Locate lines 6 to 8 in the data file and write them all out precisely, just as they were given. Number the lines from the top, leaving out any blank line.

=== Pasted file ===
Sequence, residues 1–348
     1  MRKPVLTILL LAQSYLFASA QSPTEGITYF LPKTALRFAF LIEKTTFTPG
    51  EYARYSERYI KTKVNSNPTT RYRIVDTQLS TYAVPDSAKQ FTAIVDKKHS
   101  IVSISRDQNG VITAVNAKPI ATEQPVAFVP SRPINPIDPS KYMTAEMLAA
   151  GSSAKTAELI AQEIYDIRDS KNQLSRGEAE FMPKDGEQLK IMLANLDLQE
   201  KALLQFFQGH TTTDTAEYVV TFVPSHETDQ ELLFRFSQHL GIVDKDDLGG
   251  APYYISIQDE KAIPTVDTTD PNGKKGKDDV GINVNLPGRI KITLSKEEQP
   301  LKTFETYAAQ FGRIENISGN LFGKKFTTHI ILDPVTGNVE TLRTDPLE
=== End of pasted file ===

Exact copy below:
   201  KALLQFFQGH TTTDTAEYVV TFVPSHETDQ ELLFRFSQHL GIVDKDDLGG
   251  APYYISIQDE KAIPTVDTTD PNGKKGKDDV GINVNLPGRI KITLSKEEQP
   301  LKTFETYAAQ FGRIENISGN LFGKKFTTHI ILDPVTGNVE TLRTDPLE